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November-December 2011

Interview: Paul Dennis on suicide, depression and hockey

Paul McLaughlin

The hockey world was shocked this summer when three tough guys (one just retired) died unexpectedly, one from an overdose of alcohol and pills and two others by suicide. When Wade Belak, a popular, seemingly happy former Toronto Maple Leaf hanged himself while in Toronto for the taping of CBC’s The Battle of the Blades, […]

Whatever Happened To… Mad Cow Disease?

Mary Dirmeitis

When the first Canadian case of Mad Cow disease was discovered near Wanham, Alberta in 2003, sensationalist news coverage sparked widespread fear over the safety of Canadian beef. Forty-one countries closed their borders to our beef, and in the following 18 months producers suffered $5 billion in losses. To date, only 19 cases of mad […]

Are all natural deodorants really free of harmful chemicals?

Jenn Hardy

The Claim Companies that produce “all natural” deodorants often sell consumers on three things: environmental sustainability, no animal testing, and no artificial colors. But is that the whole story? Often you’ll also find allergens, petrochemicals, lung irritants and hormone disruptors on the product ingredient list—all chemicals that have been linked to cancers. The Investigation Propylene […]

Nunavut’s whale hunt at the centre of a clash over culture and conservation

Katherine Hudson

Whale hunting is a fundamental practice in the North and should be celebrated, not restricted… Gabriel Nirlungayuk can’t pinpoint when Inuit first began hunting bowheads. “Whaling, from an Inuit perspective, has been ongoing since time immemorial,” says the director of wildlife and environment for the land-claims group Nunavut Tunngavik Inc. But he knows one thing: […]

How Engineers Without Borders learned to embrace failure (and learn from it, too)

Denise DebyWebsite@DeniseDeby

Engineers Without Borders Canada has made a few mistakes—and it’s not afraid to admit them. After three years of publishing its own annual “Failure Report” the organization launched AdmittingFailure.com, a website where it and other aid organizations can post flawed ventures. Already featured: EWB’s project to strengthen local farmers’ organizations in Burkina Faso that neglected […]

How the Dancer Transition Resource Centre helps dancers prepare for civilian life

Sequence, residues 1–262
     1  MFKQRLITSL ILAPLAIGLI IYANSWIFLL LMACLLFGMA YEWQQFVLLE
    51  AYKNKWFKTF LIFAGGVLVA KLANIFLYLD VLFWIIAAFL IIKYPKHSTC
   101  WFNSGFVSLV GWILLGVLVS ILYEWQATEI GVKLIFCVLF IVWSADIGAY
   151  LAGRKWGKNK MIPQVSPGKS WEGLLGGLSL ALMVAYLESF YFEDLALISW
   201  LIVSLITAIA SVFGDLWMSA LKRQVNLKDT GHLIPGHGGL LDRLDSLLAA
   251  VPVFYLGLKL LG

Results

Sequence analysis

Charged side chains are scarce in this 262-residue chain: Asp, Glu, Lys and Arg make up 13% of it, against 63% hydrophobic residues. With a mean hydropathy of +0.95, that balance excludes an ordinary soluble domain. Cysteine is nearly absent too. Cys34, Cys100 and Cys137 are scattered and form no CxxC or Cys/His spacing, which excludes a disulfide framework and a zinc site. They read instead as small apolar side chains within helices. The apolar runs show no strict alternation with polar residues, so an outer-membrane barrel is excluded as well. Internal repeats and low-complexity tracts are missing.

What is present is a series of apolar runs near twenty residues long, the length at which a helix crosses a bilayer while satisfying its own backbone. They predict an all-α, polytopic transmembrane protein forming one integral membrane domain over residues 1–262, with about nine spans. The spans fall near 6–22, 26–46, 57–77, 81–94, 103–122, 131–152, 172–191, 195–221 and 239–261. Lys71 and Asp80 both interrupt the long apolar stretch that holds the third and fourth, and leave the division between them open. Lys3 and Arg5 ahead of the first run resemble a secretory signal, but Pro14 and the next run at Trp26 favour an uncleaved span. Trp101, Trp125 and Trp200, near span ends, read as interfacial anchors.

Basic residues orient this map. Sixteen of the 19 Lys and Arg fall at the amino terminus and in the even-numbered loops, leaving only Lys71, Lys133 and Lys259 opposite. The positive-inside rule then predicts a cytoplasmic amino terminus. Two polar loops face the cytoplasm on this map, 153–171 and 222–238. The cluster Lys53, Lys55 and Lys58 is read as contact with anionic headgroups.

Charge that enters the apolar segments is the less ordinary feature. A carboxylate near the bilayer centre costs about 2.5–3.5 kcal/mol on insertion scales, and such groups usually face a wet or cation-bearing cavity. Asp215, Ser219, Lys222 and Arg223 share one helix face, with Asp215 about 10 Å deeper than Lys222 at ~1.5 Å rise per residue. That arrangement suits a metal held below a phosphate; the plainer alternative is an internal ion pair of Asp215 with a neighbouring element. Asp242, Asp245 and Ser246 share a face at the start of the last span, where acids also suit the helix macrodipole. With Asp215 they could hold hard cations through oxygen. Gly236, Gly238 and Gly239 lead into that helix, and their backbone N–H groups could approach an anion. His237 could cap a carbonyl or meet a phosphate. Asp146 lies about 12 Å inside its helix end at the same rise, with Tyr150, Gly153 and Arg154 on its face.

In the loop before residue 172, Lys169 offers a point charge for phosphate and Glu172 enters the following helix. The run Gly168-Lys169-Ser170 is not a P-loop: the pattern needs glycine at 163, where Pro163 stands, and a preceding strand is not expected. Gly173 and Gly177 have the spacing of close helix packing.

Melissa WilsonWebsite@mawilson

Of all the arts, dance is arguably the most physically and emotionally exhausting, and with an average annual income of a professional dancer sitting at $18,000, the real-life Natalie Portmans live way under Canada’s poverty line. And the crippling anxiety that might overtake an almost-30 dancer who fears his or her career is ending is […]

Ontario risks losing a huge swath of prime farmland to the Melancthon quarry

Matthew Strader

Carl Cosack wonders who is standing on guard for his piece of Ontario. The 52-year-old rancher manages a herd of black angus cows and 30 horses, making him one of Ontario’s last traditional trail hands and proud owner of one of the province’s few remaining amateur ranches (don’t call it a “dude ranch”). Thanks to […]

Great Canadian Literary Hunt 2011: “Criss Cross” by Selena Wong

Selena WongWebsite

We’re posting the winners of the 2011 Great Canadian Literary Hunt all this week. Read the other finalists here and follow or friend us to stay up to date on 2012’s contest! Selena Wong is an illustrator and artist living in Toronto with her Netherland Dwarf Rabbit. Like the condensed urban environment of her place […]

Great Canadian Literary Hunt 2011: “Wake” by Frances Boyle

Frances Boyle

We’re posting the winners of the 2011 Great Canadian Literary Hunt all this week. Read the other finalists here and follow or friend us to stay up to date on 2012’s contest! Sunlight, on one leg, limps out to the meadow and settles in. Insects fall back inside their voices, Little fanfares and muted repeats, […]

Great Canadian Literary Hunt 2011: “Salt Water” by Andrew Shenkman

Andrew Shenkman

We’re posting the winners of the 2011 Great Canadian Literary Hunt all this week. Read the other finalists here and follow or friend us to stay up to date on 2012’s contest! Now The power went out. The television emitted an electric squelch before the picture vanished into darkness. In that moment Sam saw his […]

Great Canadian Literary Hunt 2011: Excerpt from “A Cure for What Ails You” by Robin Evans

Robin EvansWebsite@Robinovich

We’re posting the winners of the 2011 Great Canadian Literary Hunt all this week. Read the other finalists here, and follow or friend us to stay up to date on 2012’s contest! Editor’s note: This is an excerpt of Robin Evans’s story — the full version will appear in the Spring 2012 issue of The Fiddlehead. We’re […]